Selbor said that if La Malinche could see the death festivities now, "for her this would be like the children of La Malinche celebrating the union of two worlds."
London, Oct 24 (Xinhua/UNB) -- "Chinese Bookshelf," a project which aims to provide local readers an access to Chinese books and culture, was launched Tuesday here.
Located inside Foyles Bookstore at Charing Cross Road, near the British Museum and Chinatown, the "China Bookshelf" introduces more than 100 kinds of books such as literature, folktale, economic publications and political works.
Carmelo Puglisi, head of foreign language books at Foyles Bookstore, told Xinhua that the bookshop has always attached great importance to Chinese books as it started selling them years ago.
"We had introduced books on Chinese culture to the UK and we thought what's available is limited. We try to get more books on arts, literature, politics and history. That's why we decide to join the project," Puglisi said.
Pi Jun, president of China Youth Publishing Group, said the "Chinese Bookshelf" is an important measure to meet Western readers's increasing need to learn about China through high-quality books.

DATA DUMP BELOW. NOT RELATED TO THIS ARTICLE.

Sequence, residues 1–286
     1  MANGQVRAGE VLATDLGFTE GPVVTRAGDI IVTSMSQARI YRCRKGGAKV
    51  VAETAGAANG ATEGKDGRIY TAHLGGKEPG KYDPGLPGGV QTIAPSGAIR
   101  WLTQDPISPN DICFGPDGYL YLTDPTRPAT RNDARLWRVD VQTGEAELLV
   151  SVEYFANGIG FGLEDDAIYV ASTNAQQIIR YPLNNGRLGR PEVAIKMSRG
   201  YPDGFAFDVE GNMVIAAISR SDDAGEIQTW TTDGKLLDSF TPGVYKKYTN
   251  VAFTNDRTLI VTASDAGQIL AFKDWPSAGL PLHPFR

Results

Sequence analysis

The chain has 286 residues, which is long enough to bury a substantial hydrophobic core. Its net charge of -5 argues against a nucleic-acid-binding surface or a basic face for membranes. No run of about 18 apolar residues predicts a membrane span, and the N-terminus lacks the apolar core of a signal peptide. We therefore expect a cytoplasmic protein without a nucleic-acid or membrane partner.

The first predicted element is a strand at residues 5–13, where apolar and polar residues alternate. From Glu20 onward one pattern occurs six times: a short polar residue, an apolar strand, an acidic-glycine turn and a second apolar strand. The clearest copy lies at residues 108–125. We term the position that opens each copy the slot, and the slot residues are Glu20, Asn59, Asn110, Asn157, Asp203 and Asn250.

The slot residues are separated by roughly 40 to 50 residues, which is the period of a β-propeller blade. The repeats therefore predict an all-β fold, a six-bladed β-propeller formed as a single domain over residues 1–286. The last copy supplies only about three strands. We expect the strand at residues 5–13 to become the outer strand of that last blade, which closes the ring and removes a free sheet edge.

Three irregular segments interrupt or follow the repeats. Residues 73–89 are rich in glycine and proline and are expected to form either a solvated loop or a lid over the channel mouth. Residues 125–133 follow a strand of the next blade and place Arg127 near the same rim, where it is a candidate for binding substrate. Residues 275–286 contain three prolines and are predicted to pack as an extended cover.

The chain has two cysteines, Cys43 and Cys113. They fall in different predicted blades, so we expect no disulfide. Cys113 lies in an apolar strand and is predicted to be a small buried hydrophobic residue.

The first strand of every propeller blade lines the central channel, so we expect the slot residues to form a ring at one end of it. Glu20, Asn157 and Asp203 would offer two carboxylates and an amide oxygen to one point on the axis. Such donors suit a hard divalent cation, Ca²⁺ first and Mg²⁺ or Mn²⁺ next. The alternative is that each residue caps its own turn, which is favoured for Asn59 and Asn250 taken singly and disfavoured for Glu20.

Liu Xiaoming, Chinese ambassador to Britain, said in a congratulatory letter to the launching ceremony that the carefully-selected books in the "Chinese Bookshelf" will serve as a bridge for cultural exchanges and a window for Western readers to understand China.
Richard Charkin, a world-renowned publisher and former president of the International Publishers Association, said at the launching ceremony that as an old friend who has been working closely with many Chinese publishers, he is happy to see further globalization of Chinese publishing through projects like "Chinese Bookshelf."
"Chinese publishing has transformed itself in the last 10 to 20 years, and it is now among the leading publishing nations of the world ... I think the more the Chinese and Western publishers can develop global Chinese books, journals, databases, the more understanding there will be between the East and West," he said.